That seems to be the motto of the Indonesian government, which is considering making foreign residents take Indonesian language exams, according to this Sydney Morning Herald story by Matthew Moore:

About 30,000 expatriates who live in Indonesia could soon find themselves swotting for language exams if the Ministry of National Education gets its way and begins testing all present and future foreign workers and students.
In a country where many foreigners get by with big smiles, phrase-book greetings and the locals’ knowledge of English, the plan to award each of them a standardised Indonesian-language score out of 900 might seem ambitious.
But the ministry’s language centre is geared up for the task. It wants to strengthen Indonesian as an international tongue and make it easier for foreigners to communicate with locals….

Although the Government has yet to sign off on the plan, the fees for each test, which range between $30 and $40, have been set and the bank account where the money should be sent is already open.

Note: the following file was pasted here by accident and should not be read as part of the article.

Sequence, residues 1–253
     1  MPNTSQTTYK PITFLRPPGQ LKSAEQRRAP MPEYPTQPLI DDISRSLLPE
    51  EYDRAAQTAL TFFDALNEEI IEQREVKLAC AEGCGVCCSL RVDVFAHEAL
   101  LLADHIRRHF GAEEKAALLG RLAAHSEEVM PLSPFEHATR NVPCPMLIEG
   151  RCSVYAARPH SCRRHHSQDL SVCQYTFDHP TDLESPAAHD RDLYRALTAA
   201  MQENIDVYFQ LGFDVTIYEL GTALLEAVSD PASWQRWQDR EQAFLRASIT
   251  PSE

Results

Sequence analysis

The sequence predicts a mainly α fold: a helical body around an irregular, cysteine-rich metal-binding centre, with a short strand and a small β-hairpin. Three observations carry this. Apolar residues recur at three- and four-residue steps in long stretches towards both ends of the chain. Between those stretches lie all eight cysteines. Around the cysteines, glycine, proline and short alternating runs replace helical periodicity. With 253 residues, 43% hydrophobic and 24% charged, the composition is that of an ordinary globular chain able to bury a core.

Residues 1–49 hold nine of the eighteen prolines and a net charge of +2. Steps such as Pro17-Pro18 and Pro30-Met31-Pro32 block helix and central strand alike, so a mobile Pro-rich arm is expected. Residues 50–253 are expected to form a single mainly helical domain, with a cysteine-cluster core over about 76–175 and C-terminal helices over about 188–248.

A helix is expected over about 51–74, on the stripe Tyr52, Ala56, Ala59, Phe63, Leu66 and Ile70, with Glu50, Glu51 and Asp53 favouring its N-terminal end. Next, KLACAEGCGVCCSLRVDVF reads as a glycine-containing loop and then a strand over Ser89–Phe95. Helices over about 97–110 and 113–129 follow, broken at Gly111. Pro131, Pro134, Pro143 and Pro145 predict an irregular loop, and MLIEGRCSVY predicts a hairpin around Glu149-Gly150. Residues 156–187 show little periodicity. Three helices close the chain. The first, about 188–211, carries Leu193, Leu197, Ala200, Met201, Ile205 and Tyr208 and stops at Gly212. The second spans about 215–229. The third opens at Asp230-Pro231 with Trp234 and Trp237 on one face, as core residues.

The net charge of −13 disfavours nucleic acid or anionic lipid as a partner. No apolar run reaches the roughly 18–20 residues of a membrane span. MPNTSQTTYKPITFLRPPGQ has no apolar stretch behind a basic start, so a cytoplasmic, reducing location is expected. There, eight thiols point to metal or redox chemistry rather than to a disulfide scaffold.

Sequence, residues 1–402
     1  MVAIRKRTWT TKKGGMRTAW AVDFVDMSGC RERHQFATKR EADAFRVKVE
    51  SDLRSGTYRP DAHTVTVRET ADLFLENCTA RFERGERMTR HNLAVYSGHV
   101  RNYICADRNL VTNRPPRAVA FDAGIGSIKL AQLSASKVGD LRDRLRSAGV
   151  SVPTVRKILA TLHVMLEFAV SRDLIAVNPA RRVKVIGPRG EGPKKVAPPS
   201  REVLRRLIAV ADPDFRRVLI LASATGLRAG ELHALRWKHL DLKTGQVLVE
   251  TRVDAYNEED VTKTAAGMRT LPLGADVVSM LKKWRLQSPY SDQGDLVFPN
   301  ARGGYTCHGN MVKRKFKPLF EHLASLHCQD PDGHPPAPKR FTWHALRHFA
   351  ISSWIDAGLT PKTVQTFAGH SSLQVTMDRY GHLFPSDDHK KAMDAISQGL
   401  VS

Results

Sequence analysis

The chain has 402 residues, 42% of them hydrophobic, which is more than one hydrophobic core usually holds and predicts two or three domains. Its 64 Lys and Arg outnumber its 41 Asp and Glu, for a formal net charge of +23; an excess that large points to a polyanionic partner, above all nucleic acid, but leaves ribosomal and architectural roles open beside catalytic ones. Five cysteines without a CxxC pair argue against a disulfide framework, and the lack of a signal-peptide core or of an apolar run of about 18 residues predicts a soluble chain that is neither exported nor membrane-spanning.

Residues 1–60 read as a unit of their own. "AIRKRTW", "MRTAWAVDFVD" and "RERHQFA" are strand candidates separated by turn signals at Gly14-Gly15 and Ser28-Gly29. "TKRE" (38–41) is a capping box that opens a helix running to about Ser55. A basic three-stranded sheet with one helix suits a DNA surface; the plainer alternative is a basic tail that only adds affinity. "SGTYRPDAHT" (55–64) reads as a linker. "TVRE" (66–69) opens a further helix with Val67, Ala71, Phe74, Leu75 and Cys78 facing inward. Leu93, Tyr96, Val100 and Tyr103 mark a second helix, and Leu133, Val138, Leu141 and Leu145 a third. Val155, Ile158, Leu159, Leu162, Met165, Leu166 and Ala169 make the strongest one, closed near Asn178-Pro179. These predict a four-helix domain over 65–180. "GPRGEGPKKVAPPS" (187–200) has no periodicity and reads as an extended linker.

But don’t worry!

The head of the language centre, Dendy Sugono, said if foreigners fail the test they will not be kicked out of the country: they will just have to go away and study.
His centre will offer them courses, for a fee, and there will be no restrictions on the number of times a student can attempt a test. Ten times would be no problem, although at 135 minutes a test that could prove wearing.

So this is not about forcing people to learn Indonesian, it’s yet another disguised tax. I doubt it’ll go through (I imagine the people who control vital foreign investment will make their feelings clear), but I give it points for ingenuity. All together now: Maaf, saya tidak bisa bicara bahasa Indonesia (Sorry, I don’t speak Indonesian)!
(Via Taccuino di traduzione.)

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